Edith Wharton

“There are two ways of spreading light:  to be the candle or the mirror that reflects it.”

Which are you?




This is a dream I had once that I have embellished.

I am running again; this time through a large house. It’s obvious no one has lived here in a long time. Boards are broken and strewn on the floor. It has that old wood smell that clings to everything, even the air. The thick red Berber carpet on the stairs has mold growing in the corners and sides. The house had belonged to some rich grandfather before he died and it went to waste. Now I’m just running for my life from two massive thugs who aren’t in this for the fun and games. I speed down the moldy staircase, taking the steps in threes. Reaching the front door, I resist the urge to spin around at the sound of Jason and Curt hurling their bodies down the stairs at me. Once outside on the front porch I look around for an exit, an escape, anything. A gun clicks. Shifting my eyes I see Jaz, or as the rest of the world call her, Jasmine Livingston, my walking nightmare with all her pencil skirts and up-do buns and at this moment a 44 Magnum revolver in her perfectly manicured hand. The gun’s barrel is staring me in the face. However, she isn’t going to shoot me. I had figured that out the last time I encountered this mad woman. I’m too valuable.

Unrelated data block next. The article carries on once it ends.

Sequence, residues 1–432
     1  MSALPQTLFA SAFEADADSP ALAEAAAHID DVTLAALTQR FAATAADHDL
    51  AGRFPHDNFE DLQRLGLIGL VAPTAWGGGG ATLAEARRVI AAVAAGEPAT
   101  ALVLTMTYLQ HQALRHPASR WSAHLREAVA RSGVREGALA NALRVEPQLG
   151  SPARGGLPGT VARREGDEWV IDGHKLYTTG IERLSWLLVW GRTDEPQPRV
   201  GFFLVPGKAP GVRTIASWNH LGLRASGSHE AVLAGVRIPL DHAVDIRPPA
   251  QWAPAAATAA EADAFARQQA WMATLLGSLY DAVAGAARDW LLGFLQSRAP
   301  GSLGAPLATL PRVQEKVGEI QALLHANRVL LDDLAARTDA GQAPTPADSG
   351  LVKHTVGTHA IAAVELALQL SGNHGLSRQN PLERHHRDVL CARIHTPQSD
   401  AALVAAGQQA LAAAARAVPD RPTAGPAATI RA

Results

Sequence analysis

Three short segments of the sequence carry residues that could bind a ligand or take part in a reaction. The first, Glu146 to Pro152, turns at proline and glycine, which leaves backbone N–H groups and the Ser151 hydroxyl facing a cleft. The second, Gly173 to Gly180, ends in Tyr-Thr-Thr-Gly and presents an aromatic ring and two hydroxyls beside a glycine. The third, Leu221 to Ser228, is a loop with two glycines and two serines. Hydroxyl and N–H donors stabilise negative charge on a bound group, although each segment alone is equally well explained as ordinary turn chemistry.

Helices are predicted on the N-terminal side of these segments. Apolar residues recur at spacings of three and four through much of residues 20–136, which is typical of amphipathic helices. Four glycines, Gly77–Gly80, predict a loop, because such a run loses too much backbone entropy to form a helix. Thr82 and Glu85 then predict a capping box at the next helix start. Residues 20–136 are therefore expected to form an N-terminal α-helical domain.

Last time I saw this woman I wasn’t running. I was strapped down to an examination table, trapped with a gun pressed against my temple. She was explaining the procedures that I would endure; all of the surgeries and physical restructuring.

“You really should stop these running games Experiment Leto,” she smirks, her condescending tone working its way to my ears. “You have nowhere to hide. You are a fugitive, an expensive possession with an even bigger prize on your head, and might I add, a large giveaway with those eyes,” her comment about my eyes triggers a memory, but I push it away hastily, trying to focus on my exit route.

I hear her two thugs making their way to the other side of the porch, their weight causing the old boards to creak. The woods are just a few yards from the end of the porch. If I can just reach the thick foliage I can bolt. These guys are fast but I am a much slighter build. With one last glance behind me, I quickly shift my weight and shoulder into Jaz’s chest. Bolting to the opposite end of the porch I vault off the railing and down three feet onto the grass.

“Hurry you idiots!” Jaz shouts, her annoyance punctures each word. Without another glance I run for the tree line. In seconds I’m crashing through branches and briers. Scrapes appearing on my face and arms, but I don’t dare slow down. Once I get far enough that I don’t hear them I will slow down, but for now, I run.